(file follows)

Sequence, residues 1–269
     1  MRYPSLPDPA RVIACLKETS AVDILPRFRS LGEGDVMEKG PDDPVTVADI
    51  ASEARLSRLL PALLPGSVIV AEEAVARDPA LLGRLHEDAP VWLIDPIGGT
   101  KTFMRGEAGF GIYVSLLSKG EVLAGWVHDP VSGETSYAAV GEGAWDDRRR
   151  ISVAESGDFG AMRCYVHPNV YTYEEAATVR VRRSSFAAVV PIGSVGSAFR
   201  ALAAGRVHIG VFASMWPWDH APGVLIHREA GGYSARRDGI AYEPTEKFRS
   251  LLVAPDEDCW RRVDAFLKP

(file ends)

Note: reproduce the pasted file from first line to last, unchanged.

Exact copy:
Sequence, residues 1–269
     1  MRYPSLPDPA RVIACLKETS AVDILPRFRS LGEGDVMEKG PDDPVTVADI
    51  ASEARLSRLL PALLPGSVIV AEEAVARDPA LLGRLHEDAP VWLIDPIGGT
   101  KTFMRGEAGF GIYVSLLSKG EVLAGWVHDP VSGETSYAAV GEGAWDDRRR
   151  ISVAESGDFG AMRCYVHPNV YTYEEAATVR VRRSSFAAVV PIGSVGSAFR
   201  ALAAGRVHIG VFASMWPWDH APGVLIHREA GGYSARRDGI AYEPTEKFRS
   251  LLVAPDEDCW RRVDAFLKP